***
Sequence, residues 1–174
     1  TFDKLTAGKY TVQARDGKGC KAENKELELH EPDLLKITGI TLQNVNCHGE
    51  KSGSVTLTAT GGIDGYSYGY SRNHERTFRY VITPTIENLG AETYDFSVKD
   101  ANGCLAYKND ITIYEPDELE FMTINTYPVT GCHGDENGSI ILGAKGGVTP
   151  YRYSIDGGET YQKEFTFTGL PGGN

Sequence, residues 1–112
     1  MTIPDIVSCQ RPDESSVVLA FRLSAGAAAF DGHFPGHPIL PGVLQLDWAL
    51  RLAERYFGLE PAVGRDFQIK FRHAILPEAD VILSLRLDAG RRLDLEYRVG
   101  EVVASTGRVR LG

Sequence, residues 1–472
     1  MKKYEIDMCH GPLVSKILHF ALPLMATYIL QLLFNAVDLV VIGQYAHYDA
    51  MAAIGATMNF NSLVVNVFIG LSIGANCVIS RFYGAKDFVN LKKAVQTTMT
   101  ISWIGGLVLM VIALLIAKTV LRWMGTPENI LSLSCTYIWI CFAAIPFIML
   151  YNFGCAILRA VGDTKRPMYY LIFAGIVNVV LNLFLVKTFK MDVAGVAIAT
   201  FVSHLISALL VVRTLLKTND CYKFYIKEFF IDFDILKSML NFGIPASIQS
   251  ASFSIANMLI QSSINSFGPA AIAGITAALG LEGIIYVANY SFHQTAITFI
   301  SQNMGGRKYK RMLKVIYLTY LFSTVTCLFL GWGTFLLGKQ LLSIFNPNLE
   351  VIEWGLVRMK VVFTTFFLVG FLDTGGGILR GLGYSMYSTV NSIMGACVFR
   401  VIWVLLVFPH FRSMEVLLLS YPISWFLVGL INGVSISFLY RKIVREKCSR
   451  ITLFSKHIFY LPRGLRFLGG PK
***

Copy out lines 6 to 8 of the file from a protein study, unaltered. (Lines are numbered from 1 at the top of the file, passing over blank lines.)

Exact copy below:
Sequence, residues 1–112
     1  MTIPDIVSCQ RPDESSVVLA FRLSAGAAAF DGHFPGHPIL PGVLQLDWAL
    51  RLAERYFGLE PAVGRDFQIK FRHAILPEAD VILSLRLDAG RRLDLEYRVG